1. 2. Volume

Another way that price is calculated for live chat software is to base it on the volume of chats the company takes. This cost can get calculated considering three criteria:

  • – Number of site visitors
  • – Number of leads acquired
  • – Number of conversations/chats

This means that the amount of money live chat costs will vary from month to month based on the usage of the channel.

  1. 3. Supplied agents

Sometimes, a live chat service includes outsourced agents to handle your conversations. This kind of live chat will determine the monetary cost, then, based on the number of live chat agents you wish to hire to answer your customer chats.

  1. 4. Module

Finally, some chat vendors let you pay for extensions on a core chat software. In other words, you choose which features and functionality you want enough that you’re willing to pay money for them.

One-time costs

The final way that live chat costs money is through a one-time payment for a perpetual licence. This is where you pay a single (typically higher) amount up front, and can then use the live chat software indefinitely, with no further costs. (Although you may need to pay separately for support or updates.)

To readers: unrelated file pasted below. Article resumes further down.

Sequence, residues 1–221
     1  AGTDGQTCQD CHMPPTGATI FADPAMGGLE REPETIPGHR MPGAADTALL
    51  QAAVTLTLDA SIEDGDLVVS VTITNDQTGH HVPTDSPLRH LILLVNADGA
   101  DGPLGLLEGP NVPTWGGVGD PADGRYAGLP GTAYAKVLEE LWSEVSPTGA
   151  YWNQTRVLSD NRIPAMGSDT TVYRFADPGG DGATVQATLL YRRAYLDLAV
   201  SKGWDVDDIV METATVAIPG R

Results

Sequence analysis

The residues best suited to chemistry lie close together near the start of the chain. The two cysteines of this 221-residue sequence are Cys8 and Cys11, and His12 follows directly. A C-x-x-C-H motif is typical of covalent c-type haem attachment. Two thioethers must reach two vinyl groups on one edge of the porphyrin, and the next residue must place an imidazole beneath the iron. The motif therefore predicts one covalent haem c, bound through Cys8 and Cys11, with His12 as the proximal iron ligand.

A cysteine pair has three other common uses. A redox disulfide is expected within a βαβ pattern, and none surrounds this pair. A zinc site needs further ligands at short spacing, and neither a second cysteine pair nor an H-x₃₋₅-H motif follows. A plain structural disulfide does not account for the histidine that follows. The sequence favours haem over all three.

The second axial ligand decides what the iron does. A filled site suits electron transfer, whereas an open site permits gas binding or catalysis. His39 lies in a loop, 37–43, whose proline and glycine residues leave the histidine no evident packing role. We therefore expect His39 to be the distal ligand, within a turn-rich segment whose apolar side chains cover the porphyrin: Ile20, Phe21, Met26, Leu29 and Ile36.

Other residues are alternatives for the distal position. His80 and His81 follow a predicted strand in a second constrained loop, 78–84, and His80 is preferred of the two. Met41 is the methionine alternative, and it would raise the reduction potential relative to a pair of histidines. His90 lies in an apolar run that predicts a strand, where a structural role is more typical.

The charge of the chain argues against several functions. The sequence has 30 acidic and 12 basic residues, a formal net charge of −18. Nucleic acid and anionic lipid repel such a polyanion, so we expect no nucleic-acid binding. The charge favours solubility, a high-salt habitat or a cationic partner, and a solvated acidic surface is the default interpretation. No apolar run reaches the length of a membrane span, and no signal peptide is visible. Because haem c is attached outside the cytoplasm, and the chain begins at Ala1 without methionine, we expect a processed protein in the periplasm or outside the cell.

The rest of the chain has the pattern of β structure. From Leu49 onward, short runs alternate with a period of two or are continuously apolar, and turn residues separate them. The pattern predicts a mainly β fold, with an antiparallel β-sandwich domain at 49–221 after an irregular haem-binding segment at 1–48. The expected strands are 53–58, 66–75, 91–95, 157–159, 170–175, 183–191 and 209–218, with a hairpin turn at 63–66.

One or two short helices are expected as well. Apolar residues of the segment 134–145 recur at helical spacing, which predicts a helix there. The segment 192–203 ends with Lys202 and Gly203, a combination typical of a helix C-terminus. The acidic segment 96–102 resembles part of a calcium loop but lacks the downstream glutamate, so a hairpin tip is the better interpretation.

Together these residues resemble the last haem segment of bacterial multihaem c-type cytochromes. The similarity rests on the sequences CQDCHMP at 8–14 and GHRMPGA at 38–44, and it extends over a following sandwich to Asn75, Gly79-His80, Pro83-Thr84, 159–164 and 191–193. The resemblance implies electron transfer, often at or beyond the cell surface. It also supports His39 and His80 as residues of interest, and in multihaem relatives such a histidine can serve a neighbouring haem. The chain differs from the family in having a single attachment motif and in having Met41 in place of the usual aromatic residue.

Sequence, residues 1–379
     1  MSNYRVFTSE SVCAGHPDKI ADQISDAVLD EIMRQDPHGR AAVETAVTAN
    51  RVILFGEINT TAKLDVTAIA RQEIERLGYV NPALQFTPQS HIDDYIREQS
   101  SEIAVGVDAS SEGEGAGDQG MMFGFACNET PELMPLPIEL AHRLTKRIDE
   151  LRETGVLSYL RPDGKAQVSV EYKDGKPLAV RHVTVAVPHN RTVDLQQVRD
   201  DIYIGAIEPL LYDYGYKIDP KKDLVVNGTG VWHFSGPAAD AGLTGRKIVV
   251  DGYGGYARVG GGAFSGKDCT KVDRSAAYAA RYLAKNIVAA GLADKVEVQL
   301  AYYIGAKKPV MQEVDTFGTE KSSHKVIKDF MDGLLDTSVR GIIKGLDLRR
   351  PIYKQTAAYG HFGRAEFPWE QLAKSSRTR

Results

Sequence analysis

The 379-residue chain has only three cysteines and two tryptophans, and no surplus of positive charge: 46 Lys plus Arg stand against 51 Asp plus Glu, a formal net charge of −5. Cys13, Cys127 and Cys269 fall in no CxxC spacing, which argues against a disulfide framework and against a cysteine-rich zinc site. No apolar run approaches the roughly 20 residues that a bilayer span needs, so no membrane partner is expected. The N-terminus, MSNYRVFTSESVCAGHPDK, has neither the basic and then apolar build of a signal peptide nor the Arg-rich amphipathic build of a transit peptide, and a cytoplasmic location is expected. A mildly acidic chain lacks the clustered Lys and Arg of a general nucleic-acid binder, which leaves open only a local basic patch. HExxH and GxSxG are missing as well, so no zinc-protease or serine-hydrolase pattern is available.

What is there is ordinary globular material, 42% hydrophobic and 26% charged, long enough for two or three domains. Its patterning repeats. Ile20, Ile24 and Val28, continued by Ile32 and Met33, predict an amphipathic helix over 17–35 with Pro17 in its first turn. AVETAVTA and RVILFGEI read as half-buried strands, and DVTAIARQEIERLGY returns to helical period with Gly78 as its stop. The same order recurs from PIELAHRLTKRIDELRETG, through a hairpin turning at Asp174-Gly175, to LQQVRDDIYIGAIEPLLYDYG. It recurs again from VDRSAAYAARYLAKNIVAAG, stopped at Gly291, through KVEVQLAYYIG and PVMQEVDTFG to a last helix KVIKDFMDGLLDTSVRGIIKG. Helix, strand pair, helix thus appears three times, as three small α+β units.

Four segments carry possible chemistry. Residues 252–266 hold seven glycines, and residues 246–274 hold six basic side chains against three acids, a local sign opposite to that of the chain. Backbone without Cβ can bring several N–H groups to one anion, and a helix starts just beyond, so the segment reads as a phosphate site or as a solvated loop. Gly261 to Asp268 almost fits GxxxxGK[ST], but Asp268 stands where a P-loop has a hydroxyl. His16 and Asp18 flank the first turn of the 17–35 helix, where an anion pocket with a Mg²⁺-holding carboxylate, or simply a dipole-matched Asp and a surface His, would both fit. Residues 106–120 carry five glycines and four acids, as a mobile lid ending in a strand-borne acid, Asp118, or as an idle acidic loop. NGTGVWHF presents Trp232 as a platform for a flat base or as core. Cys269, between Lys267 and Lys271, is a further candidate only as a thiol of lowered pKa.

See more about live chat pricing here: Live chat pricing: the 101 for buyers

Does live chat cost money?

Does live chat cost money? Yes.

But for that money, you get so much in return. You get a popular contact channel with a high rate of customer satisfaction. You get chat analytics tools to help keep customer experiences great. And you provide a way to talk to your customers in real-time, without relying on time-consuming phone lines.

In short, yes, live chat costs money, but it’s worth it.

Useful links

Embracing the omnichannel contact centre

The problem with using help desk software for enterprise live chat projects

Live chat pricing: the 101 for buyers